(Oxford: Printed by L. Lichfield, 1640). 145 x 95 mm. (5 3/4 x 3 5/8"). 20 p.l., 363 pp. Translated from the French by Edmund Chilmead. First Edition in English.
Contemporary sprinkled sheep, flat spine divided into panels by double blind rules. Front free endpaper with neat early ink inscription in Latin. STC 10829; ESTC S102065; Madan I, 219. Shallow chip across top of spine, front joint with one-inch crack at head, minor rubbing to joints, other trivial defects, but the unrestored contemporaneous binding sound and not at all displeasing. Light dampstain to head margin throughout, other minor imperfections, but still a very good copy internally, generally clean and fresh, with no significant defects.
First published in Toulouse in 1610, then revised and reissued in Paris in 1623, this discussion of erotic melancholy enraged the Inquisition and inspired Robert Burton. Toulouse-trained physician Jacques Ferrand (b. ca. 1575) defines the symptoms, especially the mood swings from jocundity to deep melancholy, that accompany unreasonable passions, and recommends treatments to control them, from diet and rigorous exercise to bloodletting. The Inquisition took issue with Ferrand even mentioning astrology, chiromancy, and magic--even though he disparaged their claims--and with his frank discussion of sexual health. Perhaps his biggest offense, in their eyes, was presenting erotomania as a physical disorder to be treated by medical means when the Church considered it a sickness of the soul curable only by God and his ministers. Madan notes that "If Robert Burton was acquainted with the first edition of this book, as he may well have been, there can be little doubt that he has taken or imitated the general method and treatment of the subject, in his 'Anatomy of Melancholy.'" Burton certainly owned a copy of the Paris 1623 edition (N. K. Kiessling, The Library of Robert Burton, Oxford, 1988, no. 566). The translation here is by Edmund Chilmead (1610-54), a serious scholar of music and a cleric at Christ Church, Oxford, who supplemented his meager income by transcribing music, translating books, and cataloguing the collection of Greek manuscripts at the Bodleian Library. (ST13572)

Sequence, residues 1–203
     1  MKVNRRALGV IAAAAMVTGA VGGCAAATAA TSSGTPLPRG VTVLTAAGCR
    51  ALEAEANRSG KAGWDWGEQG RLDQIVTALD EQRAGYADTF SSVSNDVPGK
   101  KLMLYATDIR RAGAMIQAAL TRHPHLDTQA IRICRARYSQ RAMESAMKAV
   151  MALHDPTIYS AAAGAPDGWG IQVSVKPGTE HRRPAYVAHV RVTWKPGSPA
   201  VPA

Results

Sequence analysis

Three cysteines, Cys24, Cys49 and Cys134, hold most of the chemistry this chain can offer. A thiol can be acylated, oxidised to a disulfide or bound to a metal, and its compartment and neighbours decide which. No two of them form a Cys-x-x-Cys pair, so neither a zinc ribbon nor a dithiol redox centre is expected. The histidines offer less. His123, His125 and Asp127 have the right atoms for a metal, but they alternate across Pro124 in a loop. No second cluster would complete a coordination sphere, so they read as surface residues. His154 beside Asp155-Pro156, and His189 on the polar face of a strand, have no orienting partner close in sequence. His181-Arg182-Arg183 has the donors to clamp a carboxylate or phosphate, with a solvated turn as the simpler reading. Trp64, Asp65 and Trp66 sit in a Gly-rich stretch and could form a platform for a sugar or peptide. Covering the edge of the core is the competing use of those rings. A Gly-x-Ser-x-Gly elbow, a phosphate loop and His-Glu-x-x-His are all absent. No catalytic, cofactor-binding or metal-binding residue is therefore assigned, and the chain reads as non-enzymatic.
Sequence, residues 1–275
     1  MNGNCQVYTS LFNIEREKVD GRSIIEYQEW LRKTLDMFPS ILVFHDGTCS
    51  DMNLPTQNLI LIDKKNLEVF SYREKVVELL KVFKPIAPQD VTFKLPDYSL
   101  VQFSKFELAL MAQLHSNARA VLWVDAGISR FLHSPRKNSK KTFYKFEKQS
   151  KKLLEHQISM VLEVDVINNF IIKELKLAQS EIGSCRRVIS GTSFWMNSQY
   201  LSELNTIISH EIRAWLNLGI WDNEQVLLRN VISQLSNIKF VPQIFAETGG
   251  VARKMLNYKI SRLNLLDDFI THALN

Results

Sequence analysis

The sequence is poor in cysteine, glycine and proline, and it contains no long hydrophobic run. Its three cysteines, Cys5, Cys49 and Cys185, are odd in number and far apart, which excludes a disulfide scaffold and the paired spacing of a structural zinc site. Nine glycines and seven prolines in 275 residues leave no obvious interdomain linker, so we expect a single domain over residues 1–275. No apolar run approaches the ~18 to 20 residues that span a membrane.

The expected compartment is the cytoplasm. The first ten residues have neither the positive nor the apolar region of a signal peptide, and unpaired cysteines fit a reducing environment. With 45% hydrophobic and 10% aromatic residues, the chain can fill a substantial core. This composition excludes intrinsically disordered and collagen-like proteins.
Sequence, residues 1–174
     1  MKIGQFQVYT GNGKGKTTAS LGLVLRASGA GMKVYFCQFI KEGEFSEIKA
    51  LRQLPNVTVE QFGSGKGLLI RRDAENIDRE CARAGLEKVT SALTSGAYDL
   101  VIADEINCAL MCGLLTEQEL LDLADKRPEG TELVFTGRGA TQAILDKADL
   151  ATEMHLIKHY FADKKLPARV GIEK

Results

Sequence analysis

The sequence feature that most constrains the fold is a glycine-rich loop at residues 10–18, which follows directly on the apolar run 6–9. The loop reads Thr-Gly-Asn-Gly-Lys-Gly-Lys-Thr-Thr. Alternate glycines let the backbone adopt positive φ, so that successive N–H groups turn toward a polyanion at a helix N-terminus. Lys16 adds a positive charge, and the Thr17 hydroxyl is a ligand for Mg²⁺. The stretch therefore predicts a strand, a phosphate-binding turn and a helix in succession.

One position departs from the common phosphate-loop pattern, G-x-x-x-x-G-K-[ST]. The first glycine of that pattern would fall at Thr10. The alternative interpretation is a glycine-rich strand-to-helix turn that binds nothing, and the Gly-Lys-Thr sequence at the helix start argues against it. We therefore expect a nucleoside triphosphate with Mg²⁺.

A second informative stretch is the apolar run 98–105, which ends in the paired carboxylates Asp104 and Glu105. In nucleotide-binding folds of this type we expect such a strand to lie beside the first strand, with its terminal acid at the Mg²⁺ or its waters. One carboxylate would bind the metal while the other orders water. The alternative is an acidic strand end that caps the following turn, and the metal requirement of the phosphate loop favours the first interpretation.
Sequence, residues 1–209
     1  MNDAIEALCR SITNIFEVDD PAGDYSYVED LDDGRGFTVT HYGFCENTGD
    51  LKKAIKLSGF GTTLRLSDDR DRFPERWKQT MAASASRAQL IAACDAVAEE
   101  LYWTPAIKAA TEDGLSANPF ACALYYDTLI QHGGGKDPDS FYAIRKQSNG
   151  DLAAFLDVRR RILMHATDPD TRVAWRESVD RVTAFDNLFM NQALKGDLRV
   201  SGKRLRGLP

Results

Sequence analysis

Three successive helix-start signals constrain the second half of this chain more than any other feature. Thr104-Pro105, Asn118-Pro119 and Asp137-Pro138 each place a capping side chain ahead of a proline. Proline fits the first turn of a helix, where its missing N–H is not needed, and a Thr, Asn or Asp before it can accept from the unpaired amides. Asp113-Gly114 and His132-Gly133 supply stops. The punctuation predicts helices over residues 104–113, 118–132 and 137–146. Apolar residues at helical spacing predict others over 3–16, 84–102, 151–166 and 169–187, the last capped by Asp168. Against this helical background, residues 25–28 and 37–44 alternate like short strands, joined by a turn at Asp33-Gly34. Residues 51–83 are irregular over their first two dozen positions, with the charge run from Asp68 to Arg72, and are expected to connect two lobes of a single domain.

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PJP Catalog: ABA1stSept20.017